Aspergillus Newsletter
November 2014

Innovative Diagnostics

Sampling breathKoo et. al. have developed a device that detects gases released by fungal pathogens into the breath of patients with invasive pulmonary fungal infection. Detection of α-trans-bergamotene, β-trans-bergamotene, a β-vatirenene-like sesquiterpene, or trans-geranylacetone identified IA patients with 94% sensitivity (95% confidence interval [CI], 81%-98%) and 93% specificity (95% CI, 79%-98%).
The authors claim that it is possible that the volatile gas signature of an isolate is likely to be species specific, allowing accurate identification of an infecting fungus from a simple non-invasive analysis of a sample of the patients breath.
The End for Aspergillus? No!
Last month we held a poll asking whether we should keep the name Aspergillus for taxonomic purposes, pointing out the discussion already going on on this issue. The results of the poll gave strong (91% of 32 votes registered) support for keeping the name.
Jens Frizvad and Rob Samson pointed out that we had misinterpreted one part of the discussion. We have agreed to hold a second poll to ask those interested to make a choice between the more accurate choice currently  presented to the Aspergillus community of 1. Use Aspergillus for most species (Samson et. al. 2014) or 2. Use perfect state (teleomorph) for most Aspergillus species, use the name Aspergillus only for section Circumdati (Pitt & Taylor 2014). For more detail of the choices and to vote go here.
NOTE access to all articles now requires registration (free of charge)
A combined monitoring strategy based on serum GM and Aspergillus DNA was associated with an earlier diagnosis and a lower incidence of IA in high-risk hematological patients.
The D-CAR(+) T cells exhibited specificity for β-glucan which led to damage and inhibition of hyphal growth of Aspergillus in vitro and in vivo. Treatment of D-CAR(+) T cells with steroids did not compromise antifungal activity significantly. These data support the targeting of carbohydrate antigens by CAR(+) T cells and provide a clinically appealing strategy to enhance immunity for opportunistic fungal infections using T-cell gene therapy.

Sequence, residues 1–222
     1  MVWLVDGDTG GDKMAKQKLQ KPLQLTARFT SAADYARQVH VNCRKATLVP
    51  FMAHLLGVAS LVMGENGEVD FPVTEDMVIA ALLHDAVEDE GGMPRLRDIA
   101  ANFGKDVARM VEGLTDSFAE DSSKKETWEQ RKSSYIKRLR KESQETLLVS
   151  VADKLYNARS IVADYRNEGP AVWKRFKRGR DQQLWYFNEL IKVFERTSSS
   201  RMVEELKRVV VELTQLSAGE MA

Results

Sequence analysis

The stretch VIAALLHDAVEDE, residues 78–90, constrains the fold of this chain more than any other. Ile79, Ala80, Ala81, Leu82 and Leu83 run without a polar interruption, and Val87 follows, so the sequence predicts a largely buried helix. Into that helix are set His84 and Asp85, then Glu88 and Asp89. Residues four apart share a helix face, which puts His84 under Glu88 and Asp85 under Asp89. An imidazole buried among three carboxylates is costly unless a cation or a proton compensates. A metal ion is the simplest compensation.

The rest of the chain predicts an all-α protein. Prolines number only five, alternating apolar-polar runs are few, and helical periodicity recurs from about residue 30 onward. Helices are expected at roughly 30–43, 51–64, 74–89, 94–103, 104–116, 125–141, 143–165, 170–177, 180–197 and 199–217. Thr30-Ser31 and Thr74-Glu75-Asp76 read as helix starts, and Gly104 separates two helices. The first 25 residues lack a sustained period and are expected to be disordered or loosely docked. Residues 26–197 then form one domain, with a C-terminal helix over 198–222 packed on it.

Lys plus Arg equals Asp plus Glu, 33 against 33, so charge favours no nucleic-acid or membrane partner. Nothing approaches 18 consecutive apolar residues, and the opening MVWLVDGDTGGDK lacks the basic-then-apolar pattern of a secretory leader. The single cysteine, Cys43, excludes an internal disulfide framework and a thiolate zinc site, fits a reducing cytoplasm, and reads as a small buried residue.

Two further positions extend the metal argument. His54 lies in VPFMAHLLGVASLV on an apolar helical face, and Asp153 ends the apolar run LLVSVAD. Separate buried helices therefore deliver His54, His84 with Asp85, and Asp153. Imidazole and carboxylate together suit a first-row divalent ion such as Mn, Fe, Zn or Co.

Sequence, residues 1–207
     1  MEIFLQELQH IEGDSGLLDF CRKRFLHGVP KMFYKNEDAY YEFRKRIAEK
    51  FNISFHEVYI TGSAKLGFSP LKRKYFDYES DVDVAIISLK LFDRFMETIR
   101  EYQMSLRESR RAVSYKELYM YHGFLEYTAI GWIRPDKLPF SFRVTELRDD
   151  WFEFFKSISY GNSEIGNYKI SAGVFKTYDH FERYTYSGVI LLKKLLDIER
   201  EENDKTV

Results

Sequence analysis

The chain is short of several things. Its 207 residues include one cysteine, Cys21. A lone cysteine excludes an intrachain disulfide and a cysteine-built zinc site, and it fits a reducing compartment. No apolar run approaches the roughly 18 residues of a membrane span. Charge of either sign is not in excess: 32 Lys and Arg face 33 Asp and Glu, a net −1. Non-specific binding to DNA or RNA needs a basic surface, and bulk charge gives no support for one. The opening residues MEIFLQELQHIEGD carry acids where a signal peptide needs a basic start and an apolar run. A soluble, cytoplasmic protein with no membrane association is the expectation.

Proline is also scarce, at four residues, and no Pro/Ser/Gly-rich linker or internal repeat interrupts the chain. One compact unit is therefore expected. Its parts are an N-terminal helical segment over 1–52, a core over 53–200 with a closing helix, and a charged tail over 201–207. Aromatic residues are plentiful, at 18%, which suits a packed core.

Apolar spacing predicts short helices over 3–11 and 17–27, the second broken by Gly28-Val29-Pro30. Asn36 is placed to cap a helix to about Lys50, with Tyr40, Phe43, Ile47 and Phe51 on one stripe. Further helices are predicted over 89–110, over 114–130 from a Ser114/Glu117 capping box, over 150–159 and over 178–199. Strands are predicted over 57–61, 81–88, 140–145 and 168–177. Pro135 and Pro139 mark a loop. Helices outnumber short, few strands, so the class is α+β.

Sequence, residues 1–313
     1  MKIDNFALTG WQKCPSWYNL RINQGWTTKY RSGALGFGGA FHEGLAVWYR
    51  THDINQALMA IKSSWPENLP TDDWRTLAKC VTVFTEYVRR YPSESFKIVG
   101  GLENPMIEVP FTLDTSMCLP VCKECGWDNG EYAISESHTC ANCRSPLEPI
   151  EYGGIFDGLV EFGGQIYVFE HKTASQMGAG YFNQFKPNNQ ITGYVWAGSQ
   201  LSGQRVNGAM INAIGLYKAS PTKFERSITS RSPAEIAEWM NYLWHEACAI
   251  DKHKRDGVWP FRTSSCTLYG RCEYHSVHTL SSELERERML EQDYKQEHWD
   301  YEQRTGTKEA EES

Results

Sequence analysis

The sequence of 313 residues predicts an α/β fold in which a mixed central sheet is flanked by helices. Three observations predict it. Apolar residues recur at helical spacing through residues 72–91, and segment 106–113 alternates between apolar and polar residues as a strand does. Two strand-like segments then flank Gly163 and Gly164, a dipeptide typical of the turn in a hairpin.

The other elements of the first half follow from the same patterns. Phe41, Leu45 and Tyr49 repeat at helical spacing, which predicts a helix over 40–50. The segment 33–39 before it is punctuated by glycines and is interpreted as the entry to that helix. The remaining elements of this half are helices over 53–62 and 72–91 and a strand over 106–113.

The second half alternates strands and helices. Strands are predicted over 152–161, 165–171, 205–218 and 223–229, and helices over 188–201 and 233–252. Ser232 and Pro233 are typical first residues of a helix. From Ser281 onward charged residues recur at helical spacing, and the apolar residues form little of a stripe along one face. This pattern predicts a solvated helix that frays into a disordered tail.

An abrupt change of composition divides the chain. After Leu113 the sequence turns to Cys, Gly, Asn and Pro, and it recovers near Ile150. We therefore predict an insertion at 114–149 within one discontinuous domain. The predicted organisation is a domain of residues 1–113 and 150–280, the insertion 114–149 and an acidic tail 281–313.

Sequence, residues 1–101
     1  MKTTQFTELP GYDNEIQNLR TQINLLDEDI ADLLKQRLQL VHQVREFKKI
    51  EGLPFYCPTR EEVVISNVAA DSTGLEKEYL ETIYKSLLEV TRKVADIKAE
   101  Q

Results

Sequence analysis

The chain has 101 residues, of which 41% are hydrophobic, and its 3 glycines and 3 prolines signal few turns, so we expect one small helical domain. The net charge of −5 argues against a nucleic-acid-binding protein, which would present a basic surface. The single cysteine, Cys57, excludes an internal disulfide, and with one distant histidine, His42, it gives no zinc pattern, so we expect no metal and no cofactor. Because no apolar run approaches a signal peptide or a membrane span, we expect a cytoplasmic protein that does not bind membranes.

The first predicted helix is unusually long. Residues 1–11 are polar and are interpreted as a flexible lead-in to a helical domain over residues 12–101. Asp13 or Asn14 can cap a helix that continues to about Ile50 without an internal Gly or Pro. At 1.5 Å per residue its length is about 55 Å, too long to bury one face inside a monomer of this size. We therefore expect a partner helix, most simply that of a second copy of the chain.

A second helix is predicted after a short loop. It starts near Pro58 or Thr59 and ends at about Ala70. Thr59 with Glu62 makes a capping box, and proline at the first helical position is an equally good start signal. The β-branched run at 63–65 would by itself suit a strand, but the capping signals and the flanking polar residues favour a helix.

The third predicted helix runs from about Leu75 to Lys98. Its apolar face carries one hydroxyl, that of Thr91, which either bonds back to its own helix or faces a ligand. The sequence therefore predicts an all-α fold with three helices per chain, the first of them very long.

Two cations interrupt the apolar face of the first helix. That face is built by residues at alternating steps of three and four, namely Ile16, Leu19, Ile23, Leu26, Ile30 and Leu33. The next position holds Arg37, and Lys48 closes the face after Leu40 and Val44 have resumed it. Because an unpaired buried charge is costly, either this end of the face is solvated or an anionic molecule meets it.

Clearance of Aspergillus fumigatus is impaired in the airway in allergic inflammation.

Aspergillus fumigatus (Af) sometimes colonizes and persists within the respiratory tree in some patients with asthma. To date, the precise reasons why the clearance of Af is impaired in patients with asthma remain unknown.


In the airway of patients with allergy, T-helper cell type 2-dominant immunity potentially affects the expression of pathogen recognition receptors and attenuates cellular defense against Af. Prolonged IL-17 production also could play an important role.
Whole Glucan Particles as a Vaccine Against Murine Aspergillosis.
Vaccination with whole glucan particles (WGP) or WGP conjugated to BSA proved protective against systemic aspergillosis, equivalent to that of heat-killed Saccharomyces cerevisiae, supporting the potential of particulate β-glucans, alone or conjugated, as vaccines against aspergillosis.
Bone suppression increases the visibility of invasive pulmonary aspergillosis in chest radiographs.
The detection of IPA in CXRs can be improved when their evaluation is aided by bone suppressed images. BSI improved the sensitivity of the CXR examination, outweighing a small loss in specificity.
Aspergillus fumigatus proteases, Asp f 5 and Asp f 13, are essential for airway inflammation and remodelling in a murine inhalation model.
In susceptible individuals, exposure to Aspergillus fumigatus can lead to the development of atopic lung diseases such as allergic bronchopulmonary aspergillosis (ABPA) and severe asthma with fungal sensitization (SAFS). Protease allergens including Asp f 5 and Asp f 13 from Aspergillus fumigatus, are thought to be important for initiation and progression of allergic asthma.